This is a beautifully crafted memoir and from the very first page, one immediately feels the heartbeat of the narrator. The uneasiness she’d always felt in her adopted home is well captured in the opening paragraphs and she offers insightful commentaries on the social norms of the world she grew up in. While this is a true story, the author starts with a powerful premise and introduces the conflict right off the bat. It moves on with thrilling suspense and I kept on turning the pages to see what happens next. The themes are wonderfully written with the family taking a central place in the author’s writing, relationships, adoption, and the impact it has on both those giving away their children and the children themselves. It is insightful, featuring great writing and wisdom. Surrender: A Memoir of Nature, Nurture, and Love is a gripping story filled with lessons about our humanity and the pain of separation. It is psychologically rich and emotionally moving.

Foluso Falaye

Back in 1962 when abortion was illegal and the idea of reproductive freedom was nonexistent, sixteen-year-old Marylee relinquished the custody of her first son to Catholic Social Service, a child welfare agency licensed under the laws of the state of Arizona to place children in family homes for care or adoption. Since a child born out of wedlock would have shamed her Catholic foster-mother, Marylee MacDonald had to surrender her son to save her mother. She eventually got married to her son's father and after four more children with him, she set out to right her wrongs and seek the son she had agonized over and abandoned for twenty-one years. Surrender: A Memoir of Nature, Nurture, and Love is an open-hearted account of the struggles of a pregnant teen, the stigma she faced, and her stormy, youthful romance.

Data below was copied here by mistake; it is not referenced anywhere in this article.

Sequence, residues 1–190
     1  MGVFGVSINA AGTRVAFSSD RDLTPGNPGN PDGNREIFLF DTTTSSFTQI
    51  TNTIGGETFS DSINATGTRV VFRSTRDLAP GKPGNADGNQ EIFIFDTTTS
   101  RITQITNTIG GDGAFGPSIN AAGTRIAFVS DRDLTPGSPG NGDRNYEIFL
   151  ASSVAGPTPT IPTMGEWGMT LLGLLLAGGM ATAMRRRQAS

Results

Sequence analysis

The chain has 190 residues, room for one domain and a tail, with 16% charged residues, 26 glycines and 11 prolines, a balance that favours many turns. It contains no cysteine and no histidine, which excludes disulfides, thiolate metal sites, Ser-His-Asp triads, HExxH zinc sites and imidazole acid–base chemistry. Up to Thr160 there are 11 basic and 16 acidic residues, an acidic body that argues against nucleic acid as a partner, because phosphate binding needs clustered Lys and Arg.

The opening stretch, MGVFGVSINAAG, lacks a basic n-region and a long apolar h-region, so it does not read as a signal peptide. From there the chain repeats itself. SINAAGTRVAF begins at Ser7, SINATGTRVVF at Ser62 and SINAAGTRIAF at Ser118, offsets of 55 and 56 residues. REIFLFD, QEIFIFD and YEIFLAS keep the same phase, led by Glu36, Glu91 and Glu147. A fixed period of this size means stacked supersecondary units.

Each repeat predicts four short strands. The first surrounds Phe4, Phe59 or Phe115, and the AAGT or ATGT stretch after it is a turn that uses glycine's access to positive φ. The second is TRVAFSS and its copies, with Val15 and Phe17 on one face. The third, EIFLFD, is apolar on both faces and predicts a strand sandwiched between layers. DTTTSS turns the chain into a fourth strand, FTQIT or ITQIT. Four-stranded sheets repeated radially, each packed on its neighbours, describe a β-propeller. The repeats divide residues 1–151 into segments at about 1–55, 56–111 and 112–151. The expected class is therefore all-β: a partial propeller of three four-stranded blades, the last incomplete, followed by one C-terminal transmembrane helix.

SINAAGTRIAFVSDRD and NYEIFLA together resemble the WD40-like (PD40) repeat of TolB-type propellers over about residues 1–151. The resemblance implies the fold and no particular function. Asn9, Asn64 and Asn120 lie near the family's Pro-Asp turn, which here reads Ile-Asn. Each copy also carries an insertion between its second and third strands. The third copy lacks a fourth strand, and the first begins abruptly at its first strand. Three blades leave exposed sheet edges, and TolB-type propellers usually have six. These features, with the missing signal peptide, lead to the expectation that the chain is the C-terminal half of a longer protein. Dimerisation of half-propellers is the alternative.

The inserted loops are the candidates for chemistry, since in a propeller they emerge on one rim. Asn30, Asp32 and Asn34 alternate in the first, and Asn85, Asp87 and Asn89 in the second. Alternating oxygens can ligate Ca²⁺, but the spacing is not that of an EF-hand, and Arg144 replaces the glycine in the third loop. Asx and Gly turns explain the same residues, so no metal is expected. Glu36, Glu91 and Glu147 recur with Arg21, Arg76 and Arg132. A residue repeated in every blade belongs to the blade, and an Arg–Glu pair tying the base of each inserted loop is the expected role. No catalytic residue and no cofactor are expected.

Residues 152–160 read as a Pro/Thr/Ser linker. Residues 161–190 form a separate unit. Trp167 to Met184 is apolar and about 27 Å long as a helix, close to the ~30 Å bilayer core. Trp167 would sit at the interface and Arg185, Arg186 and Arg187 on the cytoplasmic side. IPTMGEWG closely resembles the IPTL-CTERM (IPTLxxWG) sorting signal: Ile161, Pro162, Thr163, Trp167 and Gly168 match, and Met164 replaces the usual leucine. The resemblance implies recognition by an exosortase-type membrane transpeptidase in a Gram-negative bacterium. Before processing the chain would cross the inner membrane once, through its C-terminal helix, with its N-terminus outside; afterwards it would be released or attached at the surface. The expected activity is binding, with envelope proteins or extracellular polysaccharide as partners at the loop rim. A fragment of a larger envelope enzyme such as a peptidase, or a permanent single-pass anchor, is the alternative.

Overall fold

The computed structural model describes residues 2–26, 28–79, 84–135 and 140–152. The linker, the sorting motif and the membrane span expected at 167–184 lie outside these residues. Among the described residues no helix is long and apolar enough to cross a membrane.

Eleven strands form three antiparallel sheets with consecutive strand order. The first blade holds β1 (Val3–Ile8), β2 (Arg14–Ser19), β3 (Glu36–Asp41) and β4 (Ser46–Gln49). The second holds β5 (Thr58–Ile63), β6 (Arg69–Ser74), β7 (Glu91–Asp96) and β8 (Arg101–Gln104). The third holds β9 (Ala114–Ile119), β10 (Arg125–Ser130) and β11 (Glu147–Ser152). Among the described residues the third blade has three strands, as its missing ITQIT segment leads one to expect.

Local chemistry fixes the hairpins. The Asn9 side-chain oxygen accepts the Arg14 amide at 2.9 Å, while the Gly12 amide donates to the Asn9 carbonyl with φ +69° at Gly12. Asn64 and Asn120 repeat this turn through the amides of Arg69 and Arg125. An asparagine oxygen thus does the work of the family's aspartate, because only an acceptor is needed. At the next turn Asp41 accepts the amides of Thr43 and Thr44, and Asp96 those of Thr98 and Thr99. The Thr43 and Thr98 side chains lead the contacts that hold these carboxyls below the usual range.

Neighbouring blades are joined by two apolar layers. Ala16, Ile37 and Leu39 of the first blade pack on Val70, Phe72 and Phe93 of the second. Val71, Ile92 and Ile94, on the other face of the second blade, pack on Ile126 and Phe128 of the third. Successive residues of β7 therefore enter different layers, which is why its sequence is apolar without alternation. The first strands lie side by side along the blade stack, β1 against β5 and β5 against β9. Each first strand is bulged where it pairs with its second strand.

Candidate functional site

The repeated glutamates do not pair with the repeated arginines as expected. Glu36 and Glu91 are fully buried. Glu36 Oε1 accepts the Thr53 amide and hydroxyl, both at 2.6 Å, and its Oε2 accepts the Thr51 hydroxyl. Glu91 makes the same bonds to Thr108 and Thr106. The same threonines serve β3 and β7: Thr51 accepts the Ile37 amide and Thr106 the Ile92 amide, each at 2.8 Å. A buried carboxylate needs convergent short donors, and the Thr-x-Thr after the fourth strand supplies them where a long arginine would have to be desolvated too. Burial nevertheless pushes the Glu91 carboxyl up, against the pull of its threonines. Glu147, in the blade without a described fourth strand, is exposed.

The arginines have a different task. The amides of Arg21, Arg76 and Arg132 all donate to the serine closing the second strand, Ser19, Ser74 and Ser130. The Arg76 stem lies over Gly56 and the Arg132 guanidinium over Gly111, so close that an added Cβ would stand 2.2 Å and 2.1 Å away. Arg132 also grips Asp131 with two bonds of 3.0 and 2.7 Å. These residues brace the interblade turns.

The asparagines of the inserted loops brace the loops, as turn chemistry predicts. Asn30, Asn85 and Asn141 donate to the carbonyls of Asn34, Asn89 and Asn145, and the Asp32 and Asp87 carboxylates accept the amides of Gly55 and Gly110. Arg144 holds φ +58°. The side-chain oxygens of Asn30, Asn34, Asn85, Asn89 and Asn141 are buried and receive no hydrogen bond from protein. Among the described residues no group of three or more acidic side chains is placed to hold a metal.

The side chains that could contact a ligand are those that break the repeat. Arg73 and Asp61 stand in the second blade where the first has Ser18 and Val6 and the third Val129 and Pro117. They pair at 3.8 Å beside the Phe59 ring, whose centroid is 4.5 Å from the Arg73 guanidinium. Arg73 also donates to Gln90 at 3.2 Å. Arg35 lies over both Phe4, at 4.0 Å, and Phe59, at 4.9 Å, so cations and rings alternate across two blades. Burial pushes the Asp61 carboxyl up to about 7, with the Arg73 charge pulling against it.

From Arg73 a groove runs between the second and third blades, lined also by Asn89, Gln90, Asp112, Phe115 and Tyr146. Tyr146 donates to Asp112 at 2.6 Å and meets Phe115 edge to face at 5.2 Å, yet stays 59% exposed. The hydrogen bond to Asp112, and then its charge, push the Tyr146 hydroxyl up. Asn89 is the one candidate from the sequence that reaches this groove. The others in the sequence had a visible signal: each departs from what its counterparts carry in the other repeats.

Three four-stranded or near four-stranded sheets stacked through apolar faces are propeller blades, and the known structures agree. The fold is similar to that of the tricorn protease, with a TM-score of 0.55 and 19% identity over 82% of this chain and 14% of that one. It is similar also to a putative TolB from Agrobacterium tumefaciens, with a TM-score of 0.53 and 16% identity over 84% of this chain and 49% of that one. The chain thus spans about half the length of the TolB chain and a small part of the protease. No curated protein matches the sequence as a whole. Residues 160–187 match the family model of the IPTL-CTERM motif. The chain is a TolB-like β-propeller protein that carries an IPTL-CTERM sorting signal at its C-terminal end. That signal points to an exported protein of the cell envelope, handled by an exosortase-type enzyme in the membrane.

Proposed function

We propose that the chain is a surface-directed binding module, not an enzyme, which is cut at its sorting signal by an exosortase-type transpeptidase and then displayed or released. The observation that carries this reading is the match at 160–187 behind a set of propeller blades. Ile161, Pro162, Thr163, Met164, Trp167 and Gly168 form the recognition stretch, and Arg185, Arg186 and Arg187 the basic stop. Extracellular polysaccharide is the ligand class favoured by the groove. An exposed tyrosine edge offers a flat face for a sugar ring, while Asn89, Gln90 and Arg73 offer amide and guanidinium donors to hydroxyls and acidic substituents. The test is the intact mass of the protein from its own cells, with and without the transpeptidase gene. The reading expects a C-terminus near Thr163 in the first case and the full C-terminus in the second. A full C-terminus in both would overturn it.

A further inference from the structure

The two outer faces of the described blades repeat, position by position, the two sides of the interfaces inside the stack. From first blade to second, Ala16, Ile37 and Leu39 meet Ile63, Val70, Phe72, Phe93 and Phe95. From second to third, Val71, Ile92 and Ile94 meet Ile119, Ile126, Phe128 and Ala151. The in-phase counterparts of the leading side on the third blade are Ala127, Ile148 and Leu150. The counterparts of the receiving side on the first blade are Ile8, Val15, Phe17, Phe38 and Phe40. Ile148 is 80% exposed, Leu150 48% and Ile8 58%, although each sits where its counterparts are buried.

Whenever I come across a well-written memoir, I get satisfaction in knowing that it actually happened, especially when it is subtly moving and compelling like Surrender. Marylee MacDonald writes in a sincere and natural tone, which makes her book feel pleasantly short and easy to read. I was glad to learn some new things, like the developmental changes ascribed to a baby's separation from its mother and more interesting facts about adoption. Apart from the strong themes of adoption and teenage pregnancy, Surrender touches lightly on themes of divorce, sexual assault, lust, guilt, drunkenness, gossip, homosexuality, and therapy. Finally, it reminded me of my high school days and gave me a close look into growing up in America in the 1960s. Marylee MacDonald is a sensational writer!

Jamie Michele

Surrender by Marylee MacDonald is the author's memoir chronicling a life of difficult circumstances and heartbreaking decisions, and her lifelong path to healing. The book begins with MacDonald immediately disclosing that she'd had a child out of wedlock who was put up for adoption, Marylee signing away her rights in perpetuity as she penned her name on a dotted line. Later, she marries her lost son's father and the two have more children. MacDonald has great difficulty coming to terms with her loss, understanding the need for an individual to know their genetic history as an adoptee herself, but also in filling the dark void that had established itself in her life following John's adoption. Their reunion is an emotional experience and after describing it, MacDonald backtracks to the history that brought her story to fruition.

Surrender is an exceptionally well-written memoir that is immersive from the beginning. Marylee Macdonald wastes no time in getting to the heart of the matter, which is helpful in an autobiography about a non-celebrity and engages a reader in a way that makes them want to carry on. I loved the honesty MacDonald sustains through the narrative, a whole-hearted truthfulness that puts her struggles in the light of authenticity. While she does attach her motive for putting John up for adoption as a norm for the time, she also makes clear the regret and hardship that follow a decision made by a naive sixteen-year-old in an incredibly difficult situation. It's amazing to me that MacDonald, her first husband John, and her second Bruce, were all educated and accomplished, a distinguished circumstance that separates MacDonald from the usual stereotype of women raised during the time. This is an extraordinary story that I am so grateful to have had the opportunity to read.